Basic Principles of the Money-Credit System
in the United States

Edward C. Harwood

[A "Special Bulletin" issued 19 September, 1952, by the American Institute for Economic Research, Great Barrington, Massachusetts]


Since the days of the earliest monetary economists, discussion of money-credit problems has been hampered by semantic difficulties of increasing complexity. As banking systems have evolved and modern industrial societies have tremendously multiplied the number and types of exchanges, early descriptions have become inadequate and later reports on the monetary (and credit) facts of economic life have become correspondingly complex as well as burdened with additional semantic difficulties.

The net result is that finding even two economists today who will agree on an over-all report on the money-'credit facts of life as they are found here in the United States, including complete agreement on the word symbols used, is difficult, perhaps impossible.. Laymen who consult economists on this subject soon discover that the "doctors disagree"; and we all know who prescribes in that event. Any plausible proponent of a pleasing panacea gains a hearing; and, if he has the persuasive tongue of a John Law, gains an impressive, perhaps even a politically dominant following.

The purpose of this brief paper is to present an out line report on the money-credit system of the United States as it is today together with tentative suggested word symbols that seem to be suitable for scientific discussion. One group of experts and interested laymen has found this material useful in an effort to reach a common understanding.[1] We hope that many others will find it helpful.

Functioning of the Money-Credit System

No attempt is made here to discuss either the technical details of banking operations or the intricacies of Government monetary and fiscal procedures. We are concerned herein only with the actual functioning of the money-credit system, the principles involved, and the results. The essential features can be seen more readily by observing first the exchange operations of simpler societies than ours.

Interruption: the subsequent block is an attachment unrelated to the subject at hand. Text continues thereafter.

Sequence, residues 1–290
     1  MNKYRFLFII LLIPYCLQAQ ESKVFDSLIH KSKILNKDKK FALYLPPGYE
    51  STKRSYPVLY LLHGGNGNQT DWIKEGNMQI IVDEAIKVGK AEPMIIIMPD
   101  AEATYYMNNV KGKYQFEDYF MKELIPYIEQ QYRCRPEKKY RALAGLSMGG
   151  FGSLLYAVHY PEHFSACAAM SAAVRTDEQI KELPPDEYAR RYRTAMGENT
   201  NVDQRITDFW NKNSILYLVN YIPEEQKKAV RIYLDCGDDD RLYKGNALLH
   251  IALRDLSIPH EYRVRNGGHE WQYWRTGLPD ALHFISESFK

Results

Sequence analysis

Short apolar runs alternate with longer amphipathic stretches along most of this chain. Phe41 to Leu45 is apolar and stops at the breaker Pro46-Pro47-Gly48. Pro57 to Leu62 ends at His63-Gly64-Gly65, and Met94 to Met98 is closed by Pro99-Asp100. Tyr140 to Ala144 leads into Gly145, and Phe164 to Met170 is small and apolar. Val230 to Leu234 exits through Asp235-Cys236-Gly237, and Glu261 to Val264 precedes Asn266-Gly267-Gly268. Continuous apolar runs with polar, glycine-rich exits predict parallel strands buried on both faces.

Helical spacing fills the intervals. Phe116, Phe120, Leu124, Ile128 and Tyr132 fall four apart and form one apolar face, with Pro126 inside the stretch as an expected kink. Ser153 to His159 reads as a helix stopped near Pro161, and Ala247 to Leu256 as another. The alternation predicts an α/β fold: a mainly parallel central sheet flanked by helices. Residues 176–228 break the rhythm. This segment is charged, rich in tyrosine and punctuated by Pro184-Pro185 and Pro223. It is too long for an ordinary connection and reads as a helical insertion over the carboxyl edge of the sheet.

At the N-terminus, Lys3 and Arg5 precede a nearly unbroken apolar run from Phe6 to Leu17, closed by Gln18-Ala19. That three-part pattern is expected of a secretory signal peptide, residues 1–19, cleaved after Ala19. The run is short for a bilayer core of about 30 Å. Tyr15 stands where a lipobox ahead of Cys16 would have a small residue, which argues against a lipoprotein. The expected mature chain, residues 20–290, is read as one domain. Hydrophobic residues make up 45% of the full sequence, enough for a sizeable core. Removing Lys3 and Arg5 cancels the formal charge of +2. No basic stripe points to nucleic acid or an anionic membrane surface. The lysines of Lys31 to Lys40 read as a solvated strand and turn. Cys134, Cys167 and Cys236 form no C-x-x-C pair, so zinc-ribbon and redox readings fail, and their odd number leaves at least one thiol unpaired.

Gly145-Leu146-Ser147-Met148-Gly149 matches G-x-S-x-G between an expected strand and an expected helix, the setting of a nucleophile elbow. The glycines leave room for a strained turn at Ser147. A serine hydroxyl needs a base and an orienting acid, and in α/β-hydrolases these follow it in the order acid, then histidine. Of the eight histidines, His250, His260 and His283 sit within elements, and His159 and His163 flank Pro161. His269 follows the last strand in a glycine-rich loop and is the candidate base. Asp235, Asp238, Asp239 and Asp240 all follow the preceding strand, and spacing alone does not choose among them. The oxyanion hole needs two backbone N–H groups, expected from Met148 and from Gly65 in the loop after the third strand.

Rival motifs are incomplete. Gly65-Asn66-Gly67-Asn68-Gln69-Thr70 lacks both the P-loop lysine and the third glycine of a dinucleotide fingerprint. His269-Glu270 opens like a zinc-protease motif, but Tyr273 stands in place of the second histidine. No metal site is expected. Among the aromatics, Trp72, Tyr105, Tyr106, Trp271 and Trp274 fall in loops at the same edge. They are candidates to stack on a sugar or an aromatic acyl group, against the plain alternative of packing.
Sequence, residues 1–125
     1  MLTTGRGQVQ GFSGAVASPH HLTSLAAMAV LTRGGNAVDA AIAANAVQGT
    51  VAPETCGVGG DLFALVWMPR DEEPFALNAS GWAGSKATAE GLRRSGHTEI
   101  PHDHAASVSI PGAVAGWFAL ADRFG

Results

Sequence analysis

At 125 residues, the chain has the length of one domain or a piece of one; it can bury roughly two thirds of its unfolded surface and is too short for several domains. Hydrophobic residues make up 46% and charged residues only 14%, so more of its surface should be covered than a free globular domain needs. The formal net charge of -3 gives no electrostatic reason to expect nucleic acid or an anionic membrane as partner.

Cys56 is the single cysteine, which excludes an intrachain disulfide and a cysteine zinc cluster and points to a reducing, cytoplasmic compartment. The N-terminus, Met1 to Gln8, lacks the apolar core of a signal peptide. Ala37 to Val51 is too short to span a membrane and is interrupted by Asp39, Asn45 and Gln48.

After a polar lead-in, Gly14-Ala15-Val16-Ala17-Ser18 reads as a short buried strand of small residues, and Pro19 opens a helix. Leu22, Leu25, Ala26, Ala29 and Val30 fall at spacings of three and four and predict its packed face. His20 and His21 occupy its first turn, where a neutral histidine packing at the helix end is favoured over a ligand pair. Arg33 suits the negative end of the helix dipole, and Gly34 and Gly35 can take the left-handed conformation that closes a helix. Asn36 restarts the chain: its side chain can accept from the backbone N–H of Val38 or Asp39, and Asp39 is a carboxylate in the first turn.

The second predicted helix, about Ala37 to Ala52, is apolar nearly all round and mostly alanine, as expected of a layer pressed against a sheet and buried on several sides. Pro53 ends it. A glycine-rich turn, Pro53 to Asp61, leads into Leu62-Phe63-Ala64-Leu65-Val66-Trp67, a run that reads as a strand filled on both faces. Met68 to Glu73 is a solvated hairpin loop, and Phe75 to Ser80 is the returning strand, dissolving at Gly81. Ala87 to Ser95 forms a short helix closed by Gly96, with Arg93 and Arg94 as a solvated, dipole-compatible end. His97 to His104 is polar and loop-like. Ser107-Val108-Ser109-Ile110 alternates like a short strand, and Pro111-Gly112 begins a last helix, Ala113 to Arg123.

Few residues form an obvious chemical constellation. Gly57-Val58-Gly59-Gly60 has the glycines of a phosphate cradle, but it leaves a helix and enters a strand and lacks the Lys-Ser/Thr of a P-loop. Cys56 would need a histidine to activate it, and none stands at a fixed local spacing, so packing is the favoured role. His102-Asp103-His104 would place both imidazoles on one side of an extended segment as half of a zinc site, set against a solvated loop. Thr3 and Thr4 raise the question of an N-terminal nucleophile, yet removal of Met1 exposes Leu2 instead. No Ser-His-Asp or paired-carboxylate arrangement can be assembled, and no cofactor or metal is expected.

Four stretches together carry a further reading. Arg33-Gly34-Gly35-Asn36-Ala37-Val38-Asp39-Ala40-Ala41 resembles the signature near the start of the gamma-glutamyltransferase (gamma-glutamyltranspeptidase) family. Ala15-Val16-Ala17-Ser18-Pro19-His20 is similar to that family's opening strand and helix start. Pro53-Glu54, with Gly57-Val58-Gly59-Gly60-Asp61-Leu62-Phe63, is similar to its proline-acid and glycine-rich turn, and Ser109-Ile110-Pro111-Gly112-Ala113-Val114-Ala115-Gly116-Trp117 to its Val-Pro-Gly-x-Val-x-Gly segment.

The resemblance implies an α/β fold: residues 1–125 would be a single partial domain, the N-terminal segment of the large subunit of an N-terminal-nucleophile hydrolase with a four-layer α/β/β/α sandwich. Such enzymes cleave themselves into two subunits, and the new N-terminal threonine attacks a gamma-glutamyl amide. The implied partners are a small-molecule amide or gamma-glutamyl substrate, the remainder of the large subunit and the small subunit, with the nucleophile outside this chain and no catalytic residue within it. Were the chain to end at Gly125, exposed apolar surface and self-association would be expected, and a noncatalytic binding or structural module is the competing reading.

One can-readily imagine that, in a primitive society where most families produced much of the goods and services they- consumed, tie percentage of goods exchanged in the; market places would be small. Such a society, if it were beyond the stage of simple barter and were using gold as an exchange medium, might readily effect its few exchanges by the direct use of gold coins or gold by weight in connection with each transaction.

A society somewhat more advanced in the scale of industrial progress might effect some of its more numerous exchanges by transfers of gold (coins or by weight) and effect other exchanges by direct barter of some, goods produced for other goods. In numerous instances, the sellers of shoes would want wheat and the sellers of wheat would want shoes. Neither would personally have any need for gold in connection with such transactions as long as direct barter could conveniently be arranged.

However, in many instances sellers of wheat would find more convenient an exchange of their wheat for gold and subsequent exchange of the gold for articles desired. Some sellers might want gold to hold indefinitely for future purchases; some buyers might prefer to spend gold previously accumulated. Thus we readily see that in such a society there would be numerous exchanges involving gold with the result that a market price in terms of gold (subject of course to fluctuations) probably would be known to most individuals. No doubt, many of the direct exchanges, as of shoes for wheat, would be facilitated by the fact that both buyer and seller would know the respective market prices in terms of the gold exchange unit (shall we say ducats); thus they would have a "common denominator" of exchange ratios or values that enabled them more readily to agree on the ratio at which they would exchange wheat for shoes. The "haggling" in the markets can be seen at first hand in primitive markets all over the world today. And "haggling" similar in principle but on a far more elaborate and precisely organized scale can he seen in all the leading markets for commodities and commodity futures throughout the world.